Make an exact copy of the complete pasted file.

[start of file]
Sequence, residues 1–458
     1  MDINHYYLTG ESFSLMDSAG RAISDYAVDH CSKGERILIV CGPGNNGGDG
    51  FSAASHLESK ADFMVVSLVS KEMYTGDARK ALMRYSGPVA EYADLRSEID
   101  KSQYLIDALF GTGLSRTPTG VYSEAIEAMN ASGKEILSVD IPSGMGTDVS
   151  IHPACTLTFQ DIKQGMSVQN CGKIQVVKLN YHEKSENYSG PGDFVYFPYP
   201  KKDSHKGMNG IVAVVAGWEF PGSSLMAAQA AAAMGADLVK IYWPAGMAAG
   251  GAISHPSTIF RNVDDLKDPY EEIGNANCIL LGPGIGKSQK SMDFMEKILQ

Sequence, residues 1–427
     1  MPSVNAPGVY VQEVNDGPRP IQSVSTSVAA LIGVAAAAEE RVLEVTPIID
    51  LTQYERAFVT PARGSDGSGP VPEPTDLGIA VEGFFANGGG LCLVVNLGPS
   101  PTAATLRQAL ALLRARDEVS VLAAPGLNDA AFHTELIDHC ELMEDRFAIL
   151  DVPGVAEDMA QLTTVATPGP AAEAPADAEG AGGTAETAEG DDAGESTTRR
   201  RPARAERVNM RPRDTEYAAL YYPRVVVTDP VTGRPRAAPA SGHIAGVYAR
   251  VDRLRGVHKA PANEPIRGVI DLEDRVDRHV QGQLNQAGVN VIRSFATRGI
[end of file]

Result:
Sequence, residues 1–458
     1  MDINHYYLTG ESFSLMDSAG RAISDYAVDH CSKGERILIV CGPGNNGGDG
    51  FSAASHLESK ADFMVVSLVS KEMYTGDARK ALMRYSGPVA EYADLRSEID
   101  KSQYLIDALF GTGLSRTPTG VYSEAIEAMN ASGKEILSVD IPSGMGTDVS
   151  IHPACTLTFQ DIKQGMSVQN CGKIQVVKLN YHEKSENYSG PGDFVYFPYP
   201  KKDSHKGMNG IVAVVAGWEF PGSSLMAAQA AAAMGADLVK IYWPAGMAAG
   251  GAISHPSTIF RNVDDLKDPY EEIGNANCIL LGPGIGKSQK SMDFMEKILQ

Sequence, residues 1–427
     1  MPSVNAPGVY VQEVNDGPRP IQSVSTSVAA LIGVAAAAEE RVLEVTPIID
    51  LTQYERAFVT PARGSDGSGP VPEPTDLGIA VEGFFANGGG LCLVVNLGPS
   101  PTAATLRQAL ALLRARDEVS VLAAPGLNDA AFHTELIDHC ELMEDRFAIL
   151  DVPGVAEDMA QLTTVATPGP AAEAPADAEG AGGTAETAEG DDAGESTTRR
   201  RPARAERVNM RPRDTEYAAL YYPRVVVTDP VTGRPRAAPA SGHIAGVYAR
   251  VDRLRGVHKA PANEPIRGVI DLEDRVDRHV QGQLNQAGVN VIRSFATRGI